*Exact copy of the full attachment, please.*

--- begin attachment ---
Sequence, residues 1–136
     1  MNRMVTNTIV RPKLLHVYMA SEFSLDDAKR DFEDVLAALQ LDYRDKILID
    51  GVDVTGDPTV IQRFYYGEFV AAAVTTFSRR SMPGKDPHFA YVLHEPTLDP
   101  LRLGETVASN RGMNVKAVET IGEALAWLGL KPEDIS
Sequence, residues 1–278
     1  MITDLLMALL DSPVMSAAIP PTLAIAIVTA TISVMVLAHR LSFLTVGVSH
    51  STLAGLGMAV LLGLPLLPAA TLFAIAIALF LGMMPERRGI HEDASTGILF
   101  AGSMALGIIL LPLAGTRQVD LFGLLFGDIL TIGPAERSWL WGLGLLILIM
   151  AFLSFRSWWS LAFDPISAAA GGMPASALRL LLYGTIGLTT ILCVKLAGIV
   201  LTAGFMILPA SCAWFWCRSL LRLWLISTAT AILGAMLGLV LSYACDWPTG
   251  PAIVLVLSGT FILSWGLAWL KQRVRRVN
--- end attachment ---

Sequence, residues 1–136
     1  MNRMVTNTIV RPKLLHVYMA SEFSLDDAKR DFEDVLAALQ LDYRDKILID
    51  GVDVTGDPTV IQRFYYGEFV AAAVTTFSRR SMPGKDPHFA YVLHEPTLDP
   101  LRLGETVASN RGMNVKAVET IGEALAWLGL KPEDIS
Sequence, residues 1–278
     1  MITDLLMALL DSPVMSAAIP PTLAIAIVTA TISVMVLAHR LSFLTVGVSH
    51  STLAGLGMAV LLGLPLLPAA TLFAIAIALF LGMMPERRGI HEDASTGILF
   101  AGSMALGIIL LPLAGTRQVD LFGLLFGDIL TIGPAERSWL WGLGLLILIM
   151  AFLSFRSWWS LAFDPISAAA GGMPASALRL LLYGTIGLTT ILCVKLAGIV
   201  LTAGFMILPA SCAWFWCRSL LRLWLISTAT AILGAMLGLV LSYACDWPTG
   251  PAIVLVLSGT FILSWGLAWL KQRVRRVN